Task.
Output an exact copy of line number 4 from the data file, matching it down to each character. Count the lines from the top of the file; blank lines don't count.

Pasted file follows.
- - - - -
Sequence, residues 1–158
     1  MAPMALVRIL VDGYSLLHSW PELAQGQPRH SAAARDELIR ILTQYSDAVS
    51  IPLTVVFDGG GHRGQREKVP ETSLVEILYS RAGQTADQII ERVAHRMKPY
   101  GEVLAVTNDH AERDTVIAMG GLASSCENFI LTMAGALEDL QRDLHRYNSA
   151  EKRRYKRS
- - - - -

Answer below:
   101  GEVLAVTNDH AERDTVIAMG GLASSCENFI LTMAGALEDL QRDLHRYNSA